My credentials? I have two earned degrees in Biblical Studies and Theology, one at the graduate level. I have written and defended an exegetically based Master’s thesis on I Corinthians 1, and have published two academic theological books on the issues pertaining to the very issue under consideration: i.e. Calvinism. I have spent the last fifteen years, in particular, focused on historical theology, constructive theology, with a particular intensity orbiting around the issues of Reformed theology in its development in the history of ideas and intellectual heritage of the church. If I must speak like a fool, then so be it.

You are well trained in biblical exegesis? Well why didn’t you say so, Edingless? I suppose you want me to take your magisterial endorsement of MacArthur just as you want me take you as an authority on what constitutes sound biblical exegesis or not. Petitio principii.

I have shown my readers why I disagree, and have done so by engaging with the most up to date research on the development of Reformed theology and soteriology. Just because you haven’t read what I have written on the topic doesn’t mean I haven’t demonstrated it; it just means you haven’t exposed yourself to it yet. What are you waiting for?!

Your accusations are baseless and presumptuous. Like I noted, I have already spent years and years providing the demonstration you assert I need to provide. And you say I am slandering these guys in unfounded ways. It’s not slander when the critique is not at the man, but instead at the ideas that the man is putting forward. It is time for you to put in the donkey work, put your money where your mouth is, and get busy reading how I have made the demonstrations you say I still need to make.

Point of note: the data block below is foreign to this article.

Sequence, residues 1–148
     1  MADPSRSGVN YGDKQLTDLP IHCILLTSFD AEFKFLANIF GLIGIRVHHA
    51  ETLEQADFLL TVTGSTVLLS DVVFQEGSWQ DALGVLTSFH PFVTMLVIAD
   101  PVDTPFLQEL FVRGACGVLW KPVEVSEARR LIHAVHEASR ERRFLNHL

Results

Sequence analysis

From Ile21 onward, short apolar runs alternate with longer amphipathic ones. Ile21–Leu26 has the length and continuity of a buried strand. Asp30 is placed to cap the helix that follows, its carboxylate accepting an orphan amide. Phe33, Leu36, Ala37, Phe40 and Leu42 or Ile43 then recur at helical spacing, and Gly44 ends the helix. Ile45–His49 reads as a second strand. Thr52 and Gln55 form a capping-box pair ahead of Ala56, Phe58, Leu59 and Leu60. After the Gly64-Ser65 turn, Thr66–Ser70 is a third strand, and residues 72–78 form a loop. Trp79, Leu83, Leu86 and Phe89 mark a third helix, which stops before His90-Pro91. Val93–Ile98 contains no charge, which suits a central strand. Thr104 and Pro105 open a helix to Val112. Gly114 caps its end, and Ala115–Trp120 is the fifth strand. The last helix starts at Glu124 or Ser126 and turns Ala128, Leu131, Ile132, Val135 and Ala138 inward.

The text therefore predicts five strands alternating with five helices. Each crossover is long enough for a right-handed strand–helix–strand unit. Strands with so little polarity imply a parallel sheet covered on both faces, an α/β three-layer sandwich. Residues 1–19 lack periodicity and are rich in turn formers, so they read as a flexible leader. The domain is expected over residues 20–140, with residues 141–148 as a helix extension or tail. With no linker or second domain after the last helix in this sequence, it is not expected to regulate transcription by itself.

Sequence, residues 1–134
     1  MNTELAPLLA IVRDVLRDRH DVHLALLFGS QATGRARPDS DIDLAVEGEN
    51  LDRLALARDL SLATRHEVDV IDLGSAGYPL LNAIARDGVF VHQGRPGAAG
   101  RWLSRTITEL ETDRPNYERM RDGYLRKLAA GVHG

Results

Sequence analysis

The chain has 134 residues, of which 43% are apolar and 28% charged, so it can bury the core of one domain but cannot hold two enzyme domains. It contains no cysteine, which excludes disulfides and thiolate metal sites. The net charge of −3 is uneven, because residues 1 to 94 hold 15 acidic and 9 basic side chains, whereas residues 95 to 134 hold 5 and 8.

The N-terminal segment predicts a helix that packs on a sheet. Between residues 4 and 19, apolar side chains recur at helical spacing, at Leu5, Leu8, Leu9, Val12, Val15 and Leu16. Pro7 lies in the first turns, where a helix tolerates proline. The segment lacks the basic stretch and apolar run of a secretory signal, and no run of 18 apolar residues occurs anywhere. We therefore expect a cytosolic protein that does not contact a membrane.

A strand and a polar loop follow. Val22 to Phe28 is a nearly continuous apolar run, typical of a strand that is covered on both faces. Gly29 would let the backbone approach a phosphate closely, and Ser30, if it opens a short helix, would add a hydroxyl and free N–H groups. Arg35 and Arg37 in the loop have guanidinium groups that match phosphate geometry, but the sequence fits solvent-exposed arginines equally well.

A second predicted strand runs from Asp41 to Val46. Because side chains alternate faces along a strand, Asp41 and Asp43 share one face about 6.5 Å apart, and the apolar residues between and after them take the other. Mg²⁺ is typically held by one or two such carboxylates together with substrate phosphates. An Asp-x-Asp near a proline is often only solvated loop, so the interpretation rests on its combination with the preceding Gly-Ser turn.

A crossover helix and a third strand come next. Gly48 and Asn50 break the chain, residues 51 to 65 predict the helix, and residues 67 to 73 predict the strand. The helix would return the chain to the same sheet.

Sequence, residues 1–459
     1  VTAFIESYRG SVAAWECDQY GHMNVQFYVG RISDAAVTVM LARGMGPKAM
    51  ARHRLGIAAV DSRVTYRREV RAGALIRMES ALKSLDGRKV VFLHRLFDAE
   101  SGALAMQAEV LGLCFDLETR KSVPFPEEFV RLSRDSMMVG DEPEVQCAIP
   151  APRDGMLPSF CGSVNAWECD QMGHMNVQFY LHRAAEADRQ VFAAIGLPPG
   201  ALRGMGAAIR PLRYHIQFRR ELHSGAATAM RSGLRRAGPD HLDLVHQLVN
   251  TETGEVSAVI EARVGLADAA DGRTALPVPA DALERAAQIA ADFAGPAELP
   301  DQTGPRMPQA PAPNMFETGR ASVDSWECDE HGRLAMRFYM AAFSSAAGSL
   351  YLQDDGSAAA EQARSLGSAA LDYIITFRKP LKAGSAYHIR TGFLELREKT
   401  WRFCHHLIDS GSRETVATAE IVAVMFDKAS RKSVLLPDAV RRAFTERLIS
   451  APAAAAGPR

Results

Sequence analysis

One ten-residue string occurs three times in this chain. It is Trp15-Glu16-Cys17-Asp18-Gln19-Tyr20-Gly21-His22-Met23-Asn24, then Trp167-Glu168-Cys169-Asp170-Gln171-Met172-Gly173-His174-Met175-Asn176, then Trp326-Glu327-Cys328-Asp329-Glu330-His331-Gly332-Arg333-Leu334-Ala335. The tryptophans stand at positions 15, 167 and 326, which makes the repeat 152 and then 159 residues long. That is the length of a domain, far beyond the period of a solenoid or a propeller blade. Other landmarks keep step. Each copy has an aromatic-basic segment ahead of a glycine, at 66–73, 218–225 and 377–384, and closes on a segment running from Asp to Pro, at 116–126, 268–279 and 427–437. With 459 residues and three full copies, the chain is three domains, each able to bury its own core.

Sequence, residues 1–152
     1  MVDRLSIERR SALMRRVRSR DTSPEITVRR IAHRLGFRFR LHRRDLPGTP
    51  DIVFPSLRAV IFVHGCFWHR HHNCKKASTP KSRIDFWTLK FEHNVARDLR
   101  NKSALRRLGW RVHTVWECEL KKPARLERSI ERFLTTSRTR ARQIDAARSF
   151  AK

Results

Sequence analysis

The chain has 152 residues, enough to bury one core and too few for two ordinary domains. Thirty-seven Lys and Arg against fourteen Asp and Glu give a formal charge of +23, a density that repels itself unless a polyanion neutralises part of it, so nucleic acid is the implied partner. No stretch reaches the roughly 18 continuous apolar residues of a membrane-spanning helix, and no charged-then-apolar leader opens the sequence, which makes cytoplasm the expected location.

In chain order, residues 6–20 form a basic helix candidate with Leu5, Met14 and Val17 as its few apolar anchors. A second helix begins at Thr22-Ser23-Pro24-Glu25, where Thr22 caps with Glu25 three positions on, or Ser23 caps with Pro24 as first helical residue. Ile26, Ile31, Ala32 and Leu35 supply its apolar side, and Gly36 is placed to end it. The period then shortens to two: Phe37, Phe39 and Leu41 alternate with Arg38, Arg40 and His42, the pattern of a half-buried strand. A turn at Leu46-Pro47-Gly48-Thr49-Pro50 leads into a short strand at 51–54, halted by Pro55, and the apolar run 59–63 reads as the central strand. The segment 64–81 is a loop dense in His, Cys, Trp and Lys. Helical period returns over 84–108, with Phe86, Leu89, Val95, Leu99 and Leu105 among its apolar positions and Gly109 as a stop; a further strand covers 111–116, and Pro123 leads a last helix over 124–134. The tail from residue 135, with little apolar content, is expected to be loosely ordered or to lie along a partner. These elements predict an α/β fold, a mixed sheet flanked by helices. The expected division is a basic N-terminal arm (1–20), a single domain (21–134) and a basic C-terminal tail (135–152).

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8 comments

  1. So many of those folks seem to be confused about this basic concept: infallibility of Scripture is not the same thing as infallibility of their *interpretation* of Scripture. HUGE difference.

    But I digress. Great post.

    Liked by 2 people

  2. “My guess is there will be a lot more personal philosophy mixed in with your exegesis…”

    I’m sure his exegesis is totally pure and not personal philosophy mixed in at all.

    Liked by 1 person